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What is the significance of Stack Alignment?

Posted on 2008-09-30
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Last Modified: 2008-10-09
What is significance of Stack Alignment, when compared to Data Alignment(Word Aligned/Word Addressable memory)?

In case of Data Alignment, I can relate it to a problem (code snippet attached) and provide a solution. But for stack alignment, I really don't understand the use & problems involved?

I would be grateful, if someone could help me understand:
1. Why we need stack alignment?
2. What problem could arise? (After this tell me try, to find a solution to the problem using Stack Alignment concept)
/* Unaligned Structure */

struct foo

{

	char a;

	int b;

}
 

/* Aligned Structure */

struct bar

{

	int x;

	char y;

}

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Question by:libin_v
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by:R_Janssen
ID: 22606112
integers, booleans, word, dwords etc are all types that consist of a static number of bytes. chars, strings etc are variable in width and thus should always be placed at the end instead of the beginning on a structure.
 
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by:Infinity08
ID: 22606251
Stack alignment, just like other alignment, mainly exists for performance reasons. If the underlying hardware deals better (or in some cases only) with data that is aligned on certain byte boundaries (for example 2-byte, 4-byte, 8-byte, ... boundaries) for certain operations, then aligning the data on those boundaries increases performance or is even required in certain cases. This is also true for the stack.

Most compilers have options to control (or disable of required) stack alignment.
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by:Anthony2000
Anthony2000 earned 60 total points
ID: 22606954
1. Why we need stack alignment?
Many processors cannot read 32-bit/16-bit datatypes if they are not aligned on a certain boundary. Because this applies to machine instructions that read and write these variables that can be located anywhere in your memory space (i.e. stack is part of your process's memory space). Therefore the stack itself should be aligned on a certain boundary so the the stack pointer will allow for the reading/writing of data types that require the pointer to be appropriately aligned.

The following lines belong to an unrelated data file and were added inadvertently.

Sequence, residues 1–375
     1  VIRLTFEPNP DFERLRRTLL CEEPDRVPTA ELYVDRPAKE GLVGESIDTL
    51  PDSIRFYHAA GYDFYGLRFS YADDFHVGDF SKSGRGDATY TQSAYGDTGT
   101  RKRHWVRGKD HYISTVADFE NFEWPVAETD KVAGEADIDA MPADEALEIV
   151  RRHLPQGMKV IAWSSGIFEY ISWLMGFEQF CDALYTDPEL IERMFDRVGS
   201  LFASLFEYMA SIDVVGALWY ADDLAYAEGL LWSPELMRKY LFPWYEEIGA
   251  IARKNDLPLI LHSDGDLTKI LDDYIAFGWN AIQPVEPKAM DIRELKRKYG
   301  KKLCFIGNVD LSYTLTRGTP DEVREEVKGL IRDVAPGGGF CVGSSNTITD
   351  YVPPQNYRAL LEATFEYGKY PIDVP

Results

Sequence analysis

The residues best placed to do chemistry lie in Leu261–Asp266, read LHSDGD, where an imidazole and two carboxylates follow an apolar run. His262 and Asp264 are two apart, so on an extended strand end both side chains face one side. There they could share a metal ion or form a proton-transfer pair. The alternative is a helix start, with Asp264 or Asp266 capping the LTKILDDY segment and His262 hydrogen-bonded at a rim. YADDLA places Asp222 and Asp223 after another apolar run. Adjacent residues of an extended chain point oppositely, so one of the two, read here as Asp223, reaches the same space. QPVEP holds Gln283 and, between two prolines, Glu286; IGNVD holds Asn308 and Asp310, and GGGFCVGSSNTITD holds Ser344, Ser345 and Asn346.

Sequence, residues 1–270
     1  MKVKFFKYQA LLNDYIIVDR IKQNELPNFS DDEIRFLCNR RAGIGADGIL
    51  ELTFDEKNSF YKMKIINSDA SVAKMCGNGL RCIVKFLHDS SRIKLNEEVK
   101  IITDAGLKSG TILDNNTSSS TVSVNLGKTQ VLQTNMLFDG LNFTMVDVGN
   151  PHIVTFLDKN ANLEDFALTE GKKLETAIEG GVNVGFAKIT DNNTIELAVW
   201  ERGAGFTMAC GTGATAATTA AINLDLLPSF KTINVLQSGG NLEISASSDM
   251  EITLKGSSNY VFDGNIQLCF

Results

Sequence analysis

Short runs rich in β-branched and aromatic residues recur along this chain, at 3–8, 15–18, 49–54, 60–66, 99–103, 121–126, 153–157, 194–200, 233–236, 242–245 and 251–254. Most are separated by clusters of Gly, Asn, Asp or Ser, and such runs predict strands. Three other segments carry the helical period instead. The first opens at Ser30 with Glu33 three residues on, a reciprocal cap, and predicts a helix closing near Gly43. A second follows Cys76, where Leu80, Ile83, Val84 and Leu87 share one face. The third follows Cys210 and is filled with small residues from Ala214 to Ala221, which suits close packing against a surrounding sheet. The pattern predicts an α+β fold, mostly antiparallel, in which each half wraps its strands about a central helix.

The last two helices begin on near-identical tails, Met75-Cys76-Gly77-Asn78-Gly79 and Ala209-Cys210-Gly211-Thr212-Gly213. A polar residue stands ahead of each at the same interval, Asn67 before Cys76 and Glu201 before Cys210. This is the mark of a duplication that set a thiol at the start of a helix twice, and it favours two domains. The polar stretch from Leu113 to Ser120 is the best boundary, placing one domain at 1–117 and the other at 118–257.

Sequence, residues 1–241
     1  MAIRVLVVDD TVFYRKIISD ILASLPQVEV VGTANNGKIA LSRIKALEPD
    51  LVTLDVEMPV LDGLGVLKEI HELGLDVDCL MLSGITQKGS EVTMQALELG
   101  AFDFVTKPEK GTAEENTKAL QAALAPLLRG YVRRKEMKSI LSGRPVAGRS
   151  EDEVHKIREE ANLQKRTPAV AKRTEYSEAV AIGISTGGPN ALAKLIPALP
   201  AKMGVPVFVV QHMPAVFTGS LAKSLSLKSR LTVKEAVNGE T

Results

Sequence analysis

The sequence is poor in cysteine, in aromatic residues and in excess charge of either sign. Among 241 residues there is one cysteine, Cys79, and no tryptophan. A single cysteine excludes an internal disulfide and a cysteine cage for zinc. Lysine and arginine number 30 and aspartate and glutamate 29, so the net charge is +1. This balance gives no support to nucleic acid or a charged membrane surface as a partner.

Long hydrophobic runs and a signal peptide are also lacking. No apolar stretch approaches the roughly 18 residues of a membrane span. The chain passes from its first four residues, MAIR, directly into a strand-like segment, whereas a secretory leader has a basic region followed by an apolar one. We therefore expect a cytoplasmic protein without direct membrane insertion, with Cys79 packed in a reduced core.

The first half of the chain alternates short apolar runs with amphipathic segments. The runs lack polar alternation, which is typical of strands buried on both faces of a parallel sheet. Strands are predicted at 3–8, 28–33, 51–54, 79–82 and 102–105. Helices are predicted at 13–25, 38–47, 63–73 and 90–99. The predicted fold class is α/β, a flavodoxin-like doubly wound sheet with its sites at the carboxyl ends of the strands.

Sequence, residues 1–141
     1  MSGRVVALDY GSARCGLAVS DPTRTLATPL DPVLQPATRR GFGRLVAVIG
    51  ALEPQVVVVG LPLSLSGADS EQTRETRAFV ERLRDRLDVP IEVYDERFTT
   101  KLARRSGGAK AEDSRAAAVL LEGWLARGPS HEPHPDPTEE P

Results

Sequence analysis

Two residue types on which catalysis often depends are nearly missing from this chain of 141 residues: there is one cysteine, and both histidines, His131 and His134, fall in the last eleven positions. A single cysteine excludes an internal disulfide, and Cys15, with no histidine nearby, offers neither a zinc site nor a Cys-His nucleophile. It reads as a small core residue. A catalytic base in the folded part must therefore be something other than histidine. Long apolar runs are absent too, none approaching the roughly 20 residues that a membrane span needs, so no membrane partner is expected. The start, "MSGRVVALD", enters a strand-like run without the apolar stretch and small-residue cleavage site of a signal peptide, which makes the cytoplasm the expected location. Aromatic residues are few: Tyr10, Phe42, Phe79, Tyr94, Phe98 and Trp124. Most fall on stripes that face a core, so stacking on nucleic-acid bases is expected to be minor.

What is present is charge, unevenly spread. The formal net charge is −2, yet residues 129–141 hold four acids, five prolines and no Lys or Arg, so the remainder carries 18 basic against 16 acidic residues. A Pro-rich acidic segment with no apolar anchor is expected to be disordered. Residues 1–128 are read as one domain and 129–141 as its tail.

2. What problem could arise? (After this tell me try, to find a solution to the problem using Stack Alignment concept) -  you would end up with an exception error. Just like if you tried to read a 32-bit  variable on  an odd  byte boundary.
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by:libin_v
ID: 22611668
Thank you all for the responses.

If I understood rght, there is a different way of access for Data in the Memory, and a different way of access data on the stack. But I thought and still belive that Stack is also on the Memory, so why is there 2 rule for accessing 2 different parts of the memory.

It is possible to explai the problem with an example? May be you would use the following case:
On i586 and ARM (32-bit Machines)  Procedure Call Standard mentions that Stacks are 8-Byte Aligned. This means that Data has to 4-Byte aligned in case ARM since ARM requires Aligned Data, and on the stack, it requires data to be 8-Byte aligned.... I didn't understand this...?
http://www.fftw.org/doc/Stack-alignment-on-x86.html
http://www.arm.com/support/faqdev/14269.html
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by:Infinity08
ID: 22611866
Stacks are used for a different purpose than the rest of the memory. They contain the different function call frames. So certain hardware might have different alignment requirements for the stack. It all depends on the system though
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by:libin_v